Leo Walsh spent three months as a Marine occupying Nagasaki, Japan, where the second atomic bomb blast led to Japan’s surrender. (Photo used by permission of The Advocate, Baton Rouge, Louisiana)
By George Morris
In more than 3½ years of combat, countless thousands of servicemen passed through Pearl Harbor, where World War II began for the United States.
Leo Walsh, of Baton Rouge, is in a more select company. He saw where it essentially ended.
Walsh was a private first class with the 2nd Marine Division when it was assigned to occupation duty at Nagasaki, Japan. There, on Aug. 9, 1945, an atomic bomb was used in warfare for the second and, so far, last time. Japan’s surrender was announced six days later.
Roughly five weeks later, the Marines arrived off the Japanese port city, where between 60,000 and 80,000 people are estimated to have been killed when the bomb exploded. The Marines had little idea of what to expect.
“We had to stay aboard ship about a week while the medical corps went out and checked everything for radiation and if the water was any good,” Walsh said. “As soon as they got a feel for the safety of the troops from radiation, then they started letting us go ashore.
“When we came up in ships and we docked, I never saw any men, but it was all women and children, and the children would come up and look at the ships and us, and we’d be hanging over the rails trying to talk with them, and we’d give them candy and whatnot. I never saw any wounded Japanese people. I guess they had cleaned all of them out.”
The Marines didn’t immediately see the worst of the devastation. Nagasaki was spread across several valleys. The bomb blast was concentrated in one of the valleys, leaving the rest of the city, which had not been heavily bombed earlier in the war, relatively unscathed.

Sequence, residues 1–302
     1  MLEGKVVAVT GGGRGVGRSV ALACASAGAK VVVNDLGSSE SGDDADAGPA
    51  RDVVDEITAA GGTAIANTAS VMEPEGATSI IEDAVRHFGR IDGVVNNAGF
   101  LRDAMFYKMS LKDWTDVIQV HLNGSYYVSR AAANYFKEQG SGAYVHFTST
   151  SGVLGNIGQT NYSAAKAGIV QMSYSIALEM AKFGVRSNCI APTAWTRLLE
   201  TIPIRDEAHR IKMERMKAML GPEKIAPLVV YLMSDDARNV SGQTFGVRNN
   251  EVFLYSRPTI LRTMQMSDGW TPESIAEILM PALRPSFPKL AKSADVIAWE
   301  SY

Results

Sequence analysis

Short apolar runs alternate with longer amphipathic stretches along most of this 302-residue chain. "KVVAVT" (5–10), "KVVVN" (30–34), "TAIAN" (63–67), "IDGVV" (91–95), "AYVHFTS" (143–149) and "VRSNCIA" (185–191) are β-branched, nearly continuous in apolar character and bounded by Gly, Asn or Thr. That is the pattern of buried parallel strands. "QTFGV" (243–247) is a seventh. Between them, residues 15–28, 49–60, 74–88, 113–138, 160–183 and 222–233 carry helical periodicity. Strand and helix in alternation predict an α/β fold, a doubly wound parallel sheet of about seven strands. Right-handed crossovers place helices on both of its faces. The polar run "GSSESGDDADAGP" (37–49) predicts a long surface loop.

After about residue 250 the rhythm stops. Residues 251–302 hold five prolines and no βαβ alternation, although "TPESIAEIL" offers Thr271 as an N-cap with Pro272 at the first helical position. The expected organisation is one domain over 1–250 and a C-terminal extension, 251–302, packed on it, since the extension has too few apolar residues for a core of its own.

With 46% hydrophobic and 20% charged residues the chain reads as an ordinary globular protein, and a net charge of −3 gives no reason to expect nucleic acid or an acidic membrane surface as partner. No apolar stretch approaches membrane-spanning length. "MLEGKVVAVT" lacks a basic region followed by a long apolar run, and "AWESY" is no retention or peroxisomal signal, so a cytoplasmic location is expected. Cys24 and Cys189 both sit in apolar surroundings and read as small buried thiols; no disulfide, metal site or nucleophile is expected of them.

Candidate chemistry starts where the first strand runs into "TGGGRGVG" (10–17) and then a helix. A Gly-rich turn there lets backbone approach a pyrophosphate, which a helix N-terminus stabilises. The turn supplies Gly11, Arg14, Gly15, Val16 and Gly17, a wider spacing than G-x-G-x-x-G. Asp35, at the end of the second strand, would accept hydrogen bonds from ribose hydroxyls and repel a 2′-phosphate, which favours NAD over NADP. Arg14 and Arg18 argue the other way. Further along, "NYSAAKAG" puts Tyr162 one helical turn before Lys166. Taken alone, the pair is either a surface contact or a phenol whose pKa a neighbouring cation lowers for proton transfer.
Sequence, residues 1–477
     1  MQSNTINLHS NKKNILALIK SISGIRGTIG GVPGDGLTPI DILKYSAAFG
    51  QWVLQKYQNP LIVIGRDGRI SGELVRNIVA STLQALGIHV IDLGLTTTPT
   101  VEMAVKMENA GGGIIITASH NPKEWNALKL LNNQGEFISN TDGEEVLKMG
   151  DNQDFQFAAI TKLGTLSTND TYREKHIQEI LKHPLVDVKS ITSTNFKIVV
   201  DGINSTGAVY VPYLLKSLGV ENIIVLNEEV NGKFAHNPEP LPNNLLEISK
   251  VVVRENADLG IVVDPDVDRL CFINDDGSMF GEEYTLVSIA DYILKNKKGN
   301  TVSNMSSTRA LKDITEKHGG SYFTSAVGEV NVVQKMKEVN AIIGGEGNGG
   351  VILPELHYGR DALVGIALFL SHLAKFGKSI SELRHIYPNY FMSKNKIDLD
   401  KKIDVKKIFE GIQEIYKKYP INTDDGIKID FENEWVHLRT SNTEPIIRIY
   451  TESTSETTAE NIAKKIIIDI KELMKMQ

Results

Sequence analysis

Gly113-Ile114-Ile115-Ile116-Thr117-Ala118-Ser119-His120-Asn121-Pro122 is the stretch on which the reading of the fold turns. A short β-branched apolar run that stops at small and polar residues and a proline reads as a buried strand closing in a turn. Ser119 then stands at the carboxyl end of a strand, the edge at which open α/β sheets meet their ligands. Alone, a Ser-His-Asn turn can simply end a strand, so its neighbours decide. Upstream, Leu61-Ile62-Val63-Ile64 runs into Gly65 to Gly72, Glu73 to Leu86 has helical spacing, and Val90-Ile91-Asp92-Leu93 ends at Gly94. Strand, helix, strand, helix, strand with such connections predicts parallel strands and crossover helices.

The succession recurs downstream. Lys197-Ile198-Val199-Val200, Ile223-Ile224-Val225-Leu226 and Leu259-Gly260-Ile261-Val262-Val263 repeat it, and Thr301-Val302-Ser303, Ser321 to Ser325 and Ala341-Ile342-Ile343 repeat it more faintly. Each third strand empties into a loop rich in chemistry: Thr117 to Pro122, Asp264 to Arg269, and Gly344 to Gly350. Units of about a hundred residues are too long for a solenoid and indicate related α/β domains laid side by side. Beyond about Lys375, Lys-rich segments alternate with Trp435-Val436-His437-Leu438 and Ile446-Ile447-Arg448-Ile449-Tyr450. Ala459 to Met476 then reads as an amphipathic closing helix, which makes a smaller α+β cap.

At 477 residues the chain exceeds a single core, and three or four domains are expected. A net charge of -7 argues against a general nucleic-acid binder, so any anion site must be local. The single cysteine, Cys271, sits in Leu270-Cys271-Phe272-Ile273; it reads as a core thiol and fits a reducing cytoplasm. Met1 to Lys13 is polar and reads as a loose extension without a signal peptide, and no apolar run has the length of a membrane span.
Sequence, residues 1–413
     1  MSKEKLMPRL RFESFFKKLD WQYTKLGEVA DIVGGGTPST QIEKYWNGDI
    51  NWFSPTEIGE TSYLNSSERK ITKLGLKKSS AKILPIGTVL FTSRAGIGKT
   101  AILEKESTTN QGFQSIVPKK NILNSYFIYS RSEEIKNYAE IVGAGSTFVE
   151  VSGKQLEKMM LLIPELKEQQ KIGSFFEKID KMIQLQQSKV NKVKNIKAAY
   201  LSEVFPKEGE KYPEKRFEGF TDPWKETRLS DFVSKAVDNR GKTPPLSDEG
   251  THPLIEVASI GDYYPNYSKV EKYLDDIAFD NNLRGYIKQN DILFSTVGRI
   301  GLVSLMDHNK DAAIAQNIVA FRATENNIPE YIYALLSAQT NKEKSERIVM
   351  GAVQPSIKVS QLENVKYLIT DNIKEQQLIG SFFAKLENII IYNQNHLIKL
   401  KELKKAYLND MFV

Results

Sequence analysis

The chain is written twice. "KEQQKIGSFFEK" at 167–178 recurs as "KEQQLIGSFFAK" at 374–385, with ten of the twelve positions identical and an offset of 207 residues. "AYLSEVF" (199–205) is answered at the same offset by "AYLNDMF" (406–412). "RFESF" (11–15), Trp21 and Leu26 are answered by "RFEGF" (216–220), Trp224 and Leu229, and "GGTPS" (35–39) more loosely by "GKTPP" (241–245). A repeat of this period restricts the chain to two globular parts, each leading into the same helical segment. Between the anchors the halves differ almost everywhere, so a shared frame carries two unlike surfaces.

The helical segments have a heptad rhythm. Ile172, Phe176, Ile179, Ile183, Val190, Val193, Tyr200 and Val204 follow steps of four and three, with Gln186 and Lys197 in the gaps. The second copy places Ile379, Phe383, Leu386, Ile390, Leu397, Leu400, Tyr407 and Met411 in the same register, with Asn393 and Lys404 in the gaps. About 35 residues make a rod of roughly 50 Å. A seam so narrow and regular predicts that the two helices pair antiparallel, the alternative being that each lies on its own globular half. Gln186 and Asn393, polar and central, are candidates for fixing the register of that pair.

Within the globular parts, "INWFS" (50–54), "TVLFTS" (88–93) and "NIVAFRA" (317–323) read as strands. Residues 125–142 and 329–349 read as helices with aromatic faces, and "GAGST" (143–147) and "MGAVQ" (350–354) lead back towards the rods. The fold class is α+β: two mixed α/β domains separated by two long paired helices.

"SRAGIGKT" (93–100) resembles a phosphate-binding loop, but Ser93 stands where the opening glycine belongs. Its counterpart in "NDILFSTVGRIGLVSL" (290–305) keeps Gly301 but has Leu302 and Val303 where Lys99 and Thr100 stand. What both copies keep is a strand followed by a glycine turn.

When they reached the rim of the valley where the plutonium-fueled bomb exploded, they saw the aftermath of the power of the explosion and the heat it generated.
“There was a rim you could ride around in the trucks, and I guess looking down less than a quarter of a mile down, there wasn’t anything in the center of the valley. Then you would notice a little foundation about that high,” Walsh said, holding his hands about 4-5 inches apart. “As you went around, the objects started getting a little taller, a little taller, a little taller.
“I passed by a building — the building was all melted away — and you could see that it was a machine shop because it had five or six rows of lathes, and everything from the turntable, half of that was melted all the way up. … Close to that had to be a bottling company because I saw a pile of glass about the size of this room in height and size, and if you went up and examined it, every now and then you saw the end of a bottle. All of that melted glass was bottles.”
It was three or four weeks before the Marines were allowed to bathe in local water, and they were never allowed to eat locally produced food, although that had to do with concerns about sanitation rather than radiation, Walsh said.
The Marines’ duty was keeping order, and the Japanese civilians were extremely compliant, Walsh said. Civilians invited them to come into their homes and talk. Despite orders prohibiting this and the language barrier, Walsh said he and other Marines did so.
The only tense moment came one day when Walsh was walking through the city and heard explosions coming from the port area.
“The women grabbed their children and ran into their house and closed all their blinds,” he said. “They knew the sound of gunfire.”
It turns out, engineers were setting off charges to topple chimneys that had been left standing.
Although some units of the 2nd Marine Division remained in Nagasaki until July 1, 1946, Walsh only stayed there about three months. Military personnel were rotated home based on a point system, and because Walsh was older (26) than most of his fellow Marines and was married with two children, he didn’t have to stay as long.
Walsh returned to Baton Rouge and returned to work for Standard Oil (now ExxonMobil), from which he retired in 1980.